It was a wet and windy Friday night, but the weather wasn’t going to dampen any spirits at the Sunderland Fans’ Museum.
The former Monkwearmouth Station Museum played host to a truly international event which saw Sunderland supporters from all corners of the globe descend on the treasure trove of memorabilia.
I was fortunate enough to be in attendance with plenty of my Roker Report colleagues and being given the chance to have a quick recorded chat with FA Cup-winning captain Bobby Kerr was a personal highlight, but as a whole, the night was up there as one of the best experiences I’ve had as a Sunderland fan.
The night and the weekend that followed was one which summed up just how great the red and white supporters’ community can be, and it also put into perspective the loyalty and adoration of fans who live thousands of miles away.
It was an honour to chat to these supporters and to hear the tales of what set them on their journey to becoming Lads fans, or what took them overseas.
Many of the international contingent are exiles whilst others have fallen in love with the club from a distance and who used the weekend to return to their footballing home.
Supporters from far flung corners of the planet, each with as much passion for the club as those who live within walking distance of the Stadium of Light, came together during a fantastically organised event.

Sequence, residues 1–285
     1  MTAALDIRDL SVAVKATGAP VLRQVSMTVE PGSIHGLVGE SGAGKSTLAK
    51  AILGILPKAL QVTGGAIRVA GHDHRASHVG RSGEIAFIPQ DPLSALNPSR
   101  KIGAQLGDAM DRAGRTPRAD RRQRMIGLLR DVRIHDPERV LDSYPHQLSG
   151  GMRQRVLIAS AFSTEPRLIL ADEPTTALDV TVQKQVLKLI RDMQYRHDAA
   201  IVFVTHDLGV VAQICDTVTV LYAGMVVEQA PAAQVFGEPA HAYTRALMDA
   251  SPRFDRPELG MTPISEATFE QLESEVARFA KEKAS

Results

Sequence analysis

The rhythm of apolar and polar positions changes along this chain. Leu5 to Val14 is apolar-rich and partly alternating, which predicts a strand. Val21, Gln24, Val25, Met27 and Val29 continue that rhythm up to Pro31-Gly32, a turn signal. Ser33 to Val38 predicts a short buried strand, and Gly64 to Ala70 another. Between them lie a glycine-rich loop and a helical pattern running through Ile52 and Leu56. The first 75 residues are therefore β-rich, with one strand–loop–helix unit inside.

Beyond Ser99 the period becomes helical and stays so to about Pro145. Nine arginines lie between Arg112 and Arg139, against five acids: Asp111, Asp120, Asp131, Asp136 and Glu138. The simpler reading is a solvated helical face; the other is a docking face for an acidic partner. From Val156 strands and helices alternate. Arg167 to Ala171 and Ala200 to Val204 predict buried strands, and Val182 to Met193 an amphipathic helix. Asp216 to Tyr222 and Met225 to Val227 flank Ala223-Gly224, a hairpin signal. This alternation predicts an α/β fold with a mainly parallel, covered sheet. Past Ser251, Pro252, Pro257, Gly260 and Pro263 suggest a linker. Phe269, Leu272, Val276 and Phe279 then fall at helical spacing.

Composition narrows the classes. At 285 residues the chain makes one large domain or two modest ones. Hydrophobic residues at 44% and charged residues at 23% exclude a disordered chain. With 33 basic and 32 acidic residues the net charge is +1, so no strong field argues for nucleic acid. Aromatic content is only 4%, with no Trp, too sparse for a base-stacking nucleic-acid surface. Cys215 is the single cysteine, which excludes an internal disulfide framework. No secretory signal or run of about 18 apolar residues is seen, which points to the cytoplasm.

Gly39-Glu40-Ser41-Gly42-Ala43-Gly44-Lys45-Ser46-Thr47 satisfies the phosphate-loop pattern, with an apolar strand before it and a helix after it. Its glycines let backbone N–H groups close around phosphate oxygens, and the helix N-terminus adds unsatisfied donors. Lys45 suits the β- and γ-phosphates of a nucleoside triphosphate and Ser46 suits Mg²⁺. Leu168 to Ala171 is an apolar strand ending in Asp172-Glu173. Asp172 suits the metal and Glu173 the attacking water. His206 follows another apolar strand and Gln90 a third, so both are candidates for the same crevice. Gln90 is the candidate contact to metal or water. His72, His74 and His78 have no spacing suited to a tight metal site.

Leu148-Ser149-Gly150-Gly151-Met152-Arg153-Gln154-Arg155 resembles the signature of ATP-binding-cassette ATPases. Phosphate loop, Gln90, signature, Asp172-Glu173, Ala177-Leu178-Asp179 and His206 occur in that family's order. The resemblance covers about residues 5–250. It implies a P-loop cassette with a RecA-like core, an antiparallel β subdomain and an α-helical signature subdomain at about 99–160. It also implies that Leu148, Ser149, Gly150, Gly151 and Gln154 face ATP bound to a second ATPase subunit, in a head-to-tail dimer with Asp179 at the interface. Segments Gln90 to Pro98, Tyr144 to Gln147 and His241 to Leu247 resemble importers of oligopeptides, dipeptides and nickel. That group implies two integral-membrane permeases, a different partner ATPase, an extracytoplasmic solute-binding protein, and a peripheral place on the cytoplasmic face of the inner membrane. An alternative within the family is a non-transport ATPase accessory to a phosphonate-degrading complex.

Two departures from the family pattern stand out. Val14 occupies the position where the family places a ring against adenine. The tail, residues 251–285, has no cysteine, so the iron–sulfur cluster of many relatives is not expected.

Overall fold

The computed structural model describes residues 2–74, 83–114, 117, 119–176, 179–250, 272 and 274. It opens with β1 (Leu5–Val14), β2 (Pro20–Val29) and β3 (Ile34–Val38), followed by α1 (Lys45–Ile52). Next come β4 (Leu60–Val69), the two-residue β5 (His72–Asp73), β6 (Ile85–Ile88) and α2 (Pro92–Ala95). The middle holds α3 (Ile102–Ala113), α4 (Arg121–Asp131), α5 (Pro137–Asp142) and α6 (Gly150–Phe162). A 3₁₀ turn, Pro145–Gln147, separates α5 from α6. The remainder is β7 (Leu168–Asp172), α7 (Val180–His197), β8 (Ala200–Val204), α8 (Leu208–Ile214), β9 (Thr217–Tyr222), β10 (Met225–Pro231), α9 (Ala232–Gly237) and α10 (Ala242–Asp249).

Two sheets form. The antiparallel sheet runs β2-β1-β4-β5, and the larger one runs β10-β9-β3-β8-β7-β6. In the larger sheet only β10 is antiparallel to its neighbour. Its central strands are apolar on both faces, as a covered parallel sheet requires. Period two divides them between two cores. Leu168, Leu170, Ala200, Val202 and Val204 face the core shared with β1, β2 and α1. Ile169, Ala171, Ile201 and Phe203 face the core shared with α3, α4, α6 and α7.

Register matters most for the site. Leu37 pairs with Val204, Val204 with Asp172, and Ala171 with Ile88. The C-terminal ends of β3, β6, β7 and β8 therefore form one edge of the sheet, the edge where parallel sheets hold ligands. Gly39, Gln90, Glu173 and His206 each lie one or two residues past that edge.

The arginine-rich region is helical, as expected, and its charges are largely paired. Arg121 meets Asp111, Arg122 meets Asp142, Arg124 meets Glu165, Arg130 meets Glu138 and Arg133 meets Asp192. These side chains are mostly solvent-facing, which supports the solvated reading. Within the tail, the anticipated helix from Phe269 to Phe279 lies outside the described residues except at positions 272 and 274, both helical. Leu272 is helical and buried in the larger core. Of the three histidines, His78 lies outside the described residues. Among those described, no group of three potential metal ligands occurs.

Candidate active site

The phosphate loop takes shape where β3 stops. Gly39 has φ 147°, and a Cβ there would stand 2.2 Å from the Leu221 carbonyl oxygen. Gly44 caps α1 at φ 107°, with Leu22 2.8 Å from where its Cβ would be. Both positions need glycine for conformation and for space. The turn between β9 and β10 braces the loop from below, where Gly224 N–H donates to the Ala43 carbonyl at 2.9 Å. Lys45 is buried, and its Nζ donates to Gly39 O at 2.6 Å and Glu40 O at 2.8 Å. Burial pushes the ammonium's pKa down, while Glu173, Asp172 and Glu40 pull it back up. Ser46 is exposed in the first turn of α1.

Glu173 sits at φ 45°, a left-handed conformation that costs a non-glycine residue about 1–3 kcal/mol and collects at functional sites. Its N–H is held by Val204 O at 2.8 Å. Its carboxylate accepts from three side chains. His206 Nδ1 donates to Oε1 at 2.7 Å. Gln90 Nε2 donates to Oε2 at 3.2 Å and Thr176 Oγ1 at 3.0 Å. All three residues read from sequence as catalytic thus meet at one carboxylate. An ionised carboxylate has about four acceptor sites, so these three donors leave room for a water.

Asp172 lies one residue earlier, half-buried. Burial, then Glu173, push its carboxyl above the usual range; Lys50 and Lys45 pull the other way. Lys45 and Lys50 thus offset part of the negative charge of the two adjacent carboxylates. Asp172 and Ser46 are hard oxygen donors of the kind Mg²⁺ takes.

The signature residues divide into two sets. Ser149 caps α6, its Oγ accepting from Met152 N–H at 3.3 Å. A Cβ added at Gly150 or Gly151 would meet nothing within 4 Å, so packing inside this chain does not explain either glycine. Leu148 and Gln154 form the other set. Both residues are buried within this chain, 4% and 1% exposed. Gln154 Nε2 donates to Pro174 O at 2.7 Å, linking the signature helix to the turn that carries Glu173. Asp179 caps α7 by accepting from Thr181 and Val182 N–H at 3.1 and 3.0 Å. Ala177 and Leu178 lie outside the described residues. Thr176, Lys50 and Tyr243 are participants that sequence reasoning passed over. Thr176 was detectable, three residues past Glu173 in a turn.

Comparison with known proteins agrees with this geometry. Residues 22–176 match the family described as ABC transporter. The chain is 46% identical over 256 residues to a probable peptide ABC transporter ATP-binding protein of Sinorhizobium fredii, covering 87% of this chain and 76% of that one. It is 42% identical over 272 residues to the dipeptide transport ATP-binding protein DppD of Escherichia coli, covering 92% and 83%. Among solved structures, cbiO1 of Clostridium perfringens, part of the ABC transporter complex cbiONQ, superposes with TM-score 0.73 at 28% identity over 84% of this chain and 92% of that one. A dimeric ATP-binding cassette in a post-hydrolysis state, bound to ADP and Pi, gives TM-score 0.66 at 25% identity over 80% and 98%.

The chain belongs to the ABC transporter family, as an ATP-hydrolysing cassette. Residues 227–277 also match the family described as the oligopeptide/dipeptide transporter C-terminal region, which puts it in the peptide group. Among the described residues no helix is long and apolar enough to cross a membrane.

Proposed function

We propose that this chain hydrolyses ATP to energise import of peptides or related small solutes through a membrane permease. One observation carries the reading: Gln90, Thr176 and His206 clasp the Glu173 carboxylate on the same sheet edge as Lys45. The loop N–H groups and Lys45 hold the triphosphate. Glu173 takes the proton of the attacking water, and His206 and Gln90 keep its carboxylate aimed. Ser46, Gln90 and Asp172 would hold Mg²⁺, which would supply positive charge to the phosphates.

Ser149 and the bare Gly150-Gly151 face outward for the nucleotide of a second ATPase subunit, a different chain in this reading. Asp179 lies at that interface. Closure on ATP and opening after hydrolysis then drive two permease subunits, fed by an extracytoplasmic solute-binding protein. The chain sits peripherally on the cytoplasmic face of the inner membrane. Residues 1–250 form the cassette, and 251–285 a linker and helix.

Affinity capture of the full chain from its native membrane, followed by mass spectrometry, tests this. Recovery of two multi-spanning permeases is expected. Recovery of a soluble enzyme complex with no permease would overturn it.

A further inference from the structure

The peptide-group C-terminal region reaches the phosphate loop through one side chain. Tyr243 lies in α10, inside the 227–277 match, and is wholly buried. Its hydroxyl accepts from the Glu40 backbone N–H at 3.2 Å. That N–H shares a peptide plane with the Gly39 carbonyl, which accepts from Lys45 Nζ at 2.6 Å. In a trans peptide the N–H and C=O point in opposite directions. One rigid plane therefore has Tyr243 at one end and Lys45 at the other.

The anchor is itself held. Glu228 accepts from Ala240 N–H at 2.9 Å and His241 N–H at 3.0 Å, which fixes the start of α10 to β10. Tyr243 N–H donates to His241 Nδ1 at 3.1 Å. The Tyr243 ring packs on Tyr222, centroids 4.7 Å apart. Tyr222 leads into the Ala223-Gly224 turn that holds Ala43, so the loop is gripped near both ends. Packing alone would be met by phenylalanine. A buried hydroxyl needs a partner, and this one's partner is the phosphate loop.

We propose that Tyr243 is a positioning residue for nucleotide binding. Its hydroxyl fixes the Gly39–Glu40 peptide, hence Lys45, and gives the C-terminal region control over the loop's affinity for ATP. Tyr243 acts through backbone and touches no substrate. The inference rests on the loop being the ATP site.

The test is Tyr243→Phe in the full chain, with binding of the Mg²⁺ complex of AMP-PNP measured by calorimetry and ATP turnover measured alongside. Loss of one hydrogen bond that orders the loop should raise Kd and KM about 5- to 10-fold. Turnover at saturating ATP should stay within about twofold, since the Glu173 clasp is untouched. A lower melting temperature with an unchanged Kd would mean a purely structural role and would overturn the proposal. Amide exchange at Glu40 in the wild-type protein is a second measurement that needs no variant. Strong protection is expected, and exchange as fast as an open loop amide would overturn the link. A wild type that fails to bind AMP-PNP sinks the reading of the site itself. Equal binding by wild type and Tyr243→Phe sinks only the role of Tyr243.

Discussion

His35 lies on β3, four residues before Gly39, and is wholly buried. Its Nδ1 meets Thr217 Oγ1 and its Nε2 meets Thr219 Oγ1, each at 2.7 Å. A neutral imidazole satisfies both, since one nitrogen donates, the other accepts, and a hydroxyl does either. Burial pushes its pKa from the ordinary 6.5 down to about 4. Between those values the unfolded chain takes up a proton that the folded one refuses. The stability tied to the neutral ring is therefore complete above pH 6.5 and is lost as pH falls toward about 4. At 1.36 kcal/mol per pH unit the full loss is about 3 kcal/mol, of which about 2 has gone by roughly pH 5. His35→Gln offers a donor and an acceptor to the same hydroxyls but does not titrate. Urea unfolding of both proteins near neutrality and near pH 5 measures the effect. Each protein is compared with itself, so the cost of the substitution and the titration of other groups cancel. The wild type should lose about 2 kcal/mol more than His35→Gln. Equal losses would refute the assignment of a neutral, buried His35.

I was born in Sunderland and although I’ve moved around the UK a fair bit, I’ve always had a strong connection to the North East.
Sunderland AFC got under my skin from an early age and the older I got, the more I could relate to the famous Niall Quinn quote where he talked about how the club had a similar impact on him.
It was almost predictable that I’d follow the red and white path but to see the club get under the skin of so many people who live thousands of miles from Wearside is a beautiful sight.
The weekend proved that, regardless of the fortunes of the club, you’re not alone.
Whether in Sunderland or South Africa, there are seemingly always other fans nearby to share in the joy or the despair of following Sunderland. The international weekend was a celebration of each and every overseas supporter and I’ve got no doubts that next year’s event will be even bigger.
Seeing the many flags displayed around the Fans Museum and then on photos and videos throughout the weekend offered a real insight into just how global this event was. I hope the fans who had it pencilled in for the weeks and months had a great time, because Lord knows they deserved it!
The International Fans’ Weekend will continue to grow and, despite being put on ice as a result of the pandemic, this year showed that the worldwide Sunderland community are always prepared to come together to celebrate the club that we all love.